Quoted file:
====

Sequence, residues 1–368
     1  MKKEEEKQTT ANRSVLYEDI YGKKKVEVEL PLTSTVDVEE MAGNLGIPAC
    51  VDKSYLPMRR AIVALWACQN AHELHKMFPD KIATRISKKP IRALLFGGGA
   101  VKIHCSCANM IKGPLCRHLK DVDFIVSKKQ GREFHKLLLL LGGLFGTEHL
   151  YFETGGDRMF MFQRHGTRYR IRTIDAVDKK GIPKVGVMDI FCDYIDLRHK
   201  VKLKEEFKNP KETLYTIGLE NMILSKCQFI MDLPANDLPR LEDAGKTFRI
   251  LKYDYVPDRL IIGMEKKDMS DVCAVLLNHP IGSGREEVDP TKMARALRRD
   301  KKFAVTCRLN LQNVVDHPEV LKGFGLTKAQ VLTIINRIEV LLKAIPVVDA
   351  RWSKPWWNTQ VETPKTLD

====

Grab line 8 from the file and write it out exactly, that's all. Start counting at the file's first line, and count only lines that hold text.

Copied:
   301  KKFAVTCRLN LQNVVDHPEV LKGFGLTKAQ VLTIINRIEV LLKAIPVVDA